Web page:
MOSCOW Russia wants a negotiated end to territorial disputes in ex-Soviet Georgia, but it will not tolerate deliberate attempts to stir up its peacekeeping troops there, President Dmitry Medvedev said on Saturday.
"Georgia is a close neighbor. Existing disputes, including the territorial problem, should be resolved through bilateral negotiations," Medvedev told law students in his home city of St Petersburg, according to Russian news agencies.
Medvedev's comments on the pro-Russian regions of Abkhazia and South Ossetia, which broke away from Georgian control in the 1990s and want to be recognized as independent states, did not represent a change in Russia's position.
But his language was more diplomatic than that of his predecessor Vladimir Putin, who made some harsh verbal attacks on Georgian President Mikheil Saakashvili.
Georgian police detained a group of Russian peacekeepers in Abkhazia last week, accusing them of transporting weapons without carrying the correct documents, a charge Russia denied.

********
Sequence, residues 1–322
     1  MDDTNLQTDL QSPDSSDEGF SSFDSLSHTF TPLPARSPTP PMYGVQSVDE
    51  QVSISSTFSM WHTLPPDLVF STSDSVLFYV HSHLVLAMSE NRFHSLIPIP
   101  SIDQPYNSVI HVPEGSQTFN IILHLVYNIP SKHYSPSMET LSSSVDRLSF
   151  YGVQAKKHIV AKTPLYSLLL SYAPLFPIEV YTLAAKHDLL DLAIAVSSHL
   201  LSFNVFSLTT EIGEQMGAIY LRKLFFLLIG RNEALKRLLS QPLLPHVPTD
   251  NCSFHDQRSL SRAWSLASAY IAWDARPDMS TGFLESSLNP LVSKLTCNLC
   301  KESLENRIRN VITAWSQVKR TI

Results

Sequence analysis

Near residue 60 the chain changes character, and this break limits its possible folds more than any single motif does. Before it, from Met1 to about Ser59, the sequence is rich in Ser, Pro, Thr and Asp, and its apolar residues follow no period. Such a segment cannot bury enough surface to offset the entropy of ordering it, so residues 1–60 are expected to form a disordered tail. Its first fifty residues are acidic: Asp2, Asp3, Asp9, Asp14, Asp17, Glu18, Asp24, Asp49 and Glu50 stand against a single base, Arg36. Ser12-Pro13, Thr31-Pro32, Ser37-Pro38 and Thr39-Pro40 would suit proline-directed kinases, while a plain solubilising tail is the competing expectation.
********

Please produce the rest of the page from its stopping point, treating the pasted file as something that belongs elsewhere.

This prompted a general to say Russia might use force if its troops continued to be harassed.
"Even if relations between the countries are not enjoying their best period, any form of pressure is unacceptable," the agencies quoted Medvedev as saying.
"We won't tolerate such behavior in relation to Russian peacekeepers," he added. "They are in Georgia in accordance with international agreements and are conducting themselves properly."
Russia has had peacekeeping troops in Abkhazia since the end of a separatist war in the 1990s and the region is still a source of friction between the former Soviet countries. Georgia claims that the Russia peacekeepers are not neutral and accuses them of siding with the separatists, something Moscow denies.
Medvedev spoke on Wednesday with Saakashvili and said Moscow would not stand for "provocations" against its peacekeepers.
In his remarks on Saturday he said he had also agreed with the Georgian leader to continue what he termed "our constructive dialogue."
Moscow alleges Tbilisi has been preparing to attack Abkhazia to seize back control of the territory, but Georgia's pro-Western government says it has no such plans and accuses Moscow of trying to annex it.
Senior diplomats in the region do not believe either side wants to see a war but are concerned that an unintentional misstep by either side could spiral into an armed conflict.
(Writing by Robin Paxton, editing by Michael Stott and Richard Balmforth)